Sugarwork – Sugarwork
(Harriphonic. CD Review by Patrick Hadfield)
Hearing Sugarwork (the album) was a revelation. Comprised of four musicians I go out of my way to listen to whenever I can, a couple of years ago I saw Sugarwork (the band) at an early gig of theirs, and their music left me cold. Well, this CD disabused me of any preconceptions I had: they have recorded an album of compelling, startling music, unlike anything else on the current jazz scene in Scotland.
The nearest touchstone might be Polar Bear, crossed with the early solo work by Reid Anderson, the bassplayer with the Bad Plus: a dark, heavy sound coupled with a distinct groove and intense, melodic improvisation.
Sugarwork is the brainchild of Paul Harrison, who wrote most of the tunes, provides the keyboards and produced the record, though he seems content to let others take the limelight: his keyboard work seems mostly to be about adding texture. Much of the melody comes from the tenor sax of Phil Bancroft and guitarist Graeme Stephen, with all of the quartet providing the groove – though particularly drummer Stuart Brown. Without a bass player, it is Harrison and Stephen who add the bass parts when needed, using loops and programmes.
The result is a synthesis of electro-groove and improvisation, often in surprising combinations. After The Forest, The Sky starts with long, slow notes from Stephen, Harrison and Bancroft; then Brown explodes the serenity with fast beats, propelling the tune as of it were 1990s “drum and bass” as Bancroft’s saxophone screams in the upper register. The tune closes with just saxophone and piano, an almost classical jazz combination – the sky, perhaps – itself shocking after the fury that precedes it.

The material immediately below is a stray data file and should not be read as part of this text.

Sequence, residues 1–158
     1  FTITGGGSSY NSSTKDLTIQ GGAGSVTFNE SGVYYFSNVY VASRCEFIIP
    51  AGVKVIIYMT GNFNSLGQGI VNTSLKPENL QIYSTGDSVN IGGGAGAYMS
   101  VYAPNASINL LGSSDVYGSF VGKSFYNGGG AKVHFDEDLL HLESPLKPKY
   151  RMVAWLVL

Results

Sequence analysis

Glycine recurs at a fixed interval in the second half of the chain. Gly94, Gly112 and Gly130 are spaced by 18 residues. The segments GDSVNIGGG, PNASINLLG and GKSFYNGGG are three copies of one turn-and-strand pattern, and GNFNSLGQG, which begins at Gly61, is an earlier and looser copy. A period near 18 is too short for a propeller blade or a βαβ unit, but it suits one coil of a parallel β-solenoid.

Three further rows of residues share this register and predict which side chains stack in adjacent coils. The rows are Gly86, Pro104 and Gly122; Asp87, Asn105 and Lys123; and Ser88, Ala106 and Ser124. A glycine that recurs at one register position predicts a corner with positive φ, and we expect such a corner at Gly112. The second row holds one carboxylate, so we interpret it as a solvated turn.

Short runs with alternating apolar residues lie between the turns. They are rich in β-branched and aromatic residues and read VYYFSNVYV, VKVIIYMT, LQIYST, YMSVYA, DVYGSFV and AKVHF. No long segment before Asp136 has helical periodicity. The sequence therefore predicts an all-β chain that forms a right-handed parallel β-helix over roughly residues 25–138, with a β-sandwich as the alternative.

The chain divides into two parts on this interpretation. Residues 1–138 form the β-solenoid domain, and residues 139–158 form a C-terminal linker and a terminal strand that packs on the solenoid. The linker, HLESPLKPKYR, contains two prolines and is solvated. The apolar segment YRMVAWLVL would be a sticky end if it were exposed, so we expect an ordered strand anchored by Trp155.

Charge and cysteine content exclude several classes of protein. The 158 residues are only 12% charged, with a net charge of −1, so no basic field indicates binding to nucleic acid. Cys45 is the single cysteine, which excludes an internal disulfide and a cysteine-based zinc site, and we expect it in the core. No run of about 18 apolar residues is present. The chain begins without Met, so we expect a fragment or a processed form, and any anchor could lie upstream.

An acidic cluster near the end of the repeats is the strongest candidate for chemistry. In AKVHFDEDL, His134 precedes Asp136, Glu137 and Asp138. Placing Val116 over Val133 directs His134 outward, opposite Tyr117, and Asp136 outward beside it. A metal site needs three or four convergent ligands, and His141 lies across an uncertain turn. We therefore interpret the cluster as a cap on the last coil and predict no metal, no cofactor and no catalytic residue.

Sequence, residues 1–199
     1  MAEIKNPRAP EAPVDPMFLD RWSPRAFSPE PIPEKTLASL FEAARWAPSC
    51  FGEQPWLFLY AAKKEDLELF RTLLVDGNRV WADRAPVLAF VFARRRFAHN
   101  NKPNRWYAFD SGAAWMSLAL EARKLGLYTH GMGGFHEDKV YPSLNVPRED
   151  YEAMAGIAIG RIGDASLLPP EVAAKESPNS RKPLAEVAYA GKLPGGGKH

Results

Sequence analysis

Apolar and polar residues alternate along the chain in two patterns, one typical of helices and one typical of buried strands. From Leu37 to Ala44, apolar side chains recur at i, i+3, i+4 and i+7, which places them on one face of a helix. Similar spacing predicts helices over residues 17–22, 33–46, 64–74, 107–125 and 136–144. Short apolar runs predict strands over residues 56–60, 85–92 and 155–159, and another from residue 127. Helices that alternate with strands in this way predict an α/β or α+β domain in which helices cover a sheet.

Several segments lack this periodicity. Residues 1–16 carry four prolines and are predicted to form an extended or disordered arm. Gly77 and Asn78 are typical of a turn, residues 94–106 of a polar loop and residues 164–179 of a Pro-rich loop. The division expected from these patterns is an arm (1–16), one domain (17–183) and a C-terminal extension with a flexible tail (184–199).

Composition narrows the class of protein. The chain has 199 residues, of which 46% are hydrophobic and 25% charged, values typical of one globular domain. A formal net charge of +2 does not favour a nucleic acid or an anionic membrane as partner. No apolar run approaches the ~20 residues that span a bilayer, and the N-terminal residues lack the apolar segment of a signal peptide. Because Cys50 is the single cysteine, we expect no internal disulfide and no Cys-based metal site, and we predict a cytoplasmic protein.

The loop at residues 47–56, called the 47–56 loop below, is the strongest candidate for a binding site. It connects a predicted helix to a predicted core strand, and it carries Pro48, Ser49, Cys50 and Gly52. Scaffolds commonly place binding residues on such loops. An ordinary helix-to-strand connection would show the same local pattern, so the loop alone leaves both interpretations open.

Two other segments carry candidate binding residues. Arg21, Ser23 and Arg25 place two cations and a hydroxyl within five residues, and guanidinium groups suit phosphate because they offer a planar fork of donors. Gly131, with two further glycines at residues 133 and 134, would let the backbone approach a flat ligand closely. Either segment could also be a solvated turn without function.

Stephen’s tune Goodbye Hello works in a different way, slowly building its intensity bit by bit until it is almost too much to take. Bancroft’s saxophone grows more and more impassioned, wailing over Brown’s loud crashing cymbals. The crescendo is followed by a gentle coda, with Stephen’s treated guitar accompanying a gentler but no less inventive saxophone.
Nearly a quarter of the record is taken up with Astraglia, a long, extended piece of three sections which develops from a simple structure an almost train-like rhythm, the locomotive force of Brown’s drums pushing forward the groove whilst Harrison, Brancroft and Stephens blow over the top. It ends with an eery, synthesised sci-fi dub.
This is quite a dark record, brooding in places and suffused with melancholy, which serves to emphasise the sunnier sections. It mixes jazz with electronics and a range of rhythms and beats, creating a new lively sound.
Sugarwork is released tomorrow. Available now from https://sugarwork1.bandcamp.com and other download sites.
Categories: CD review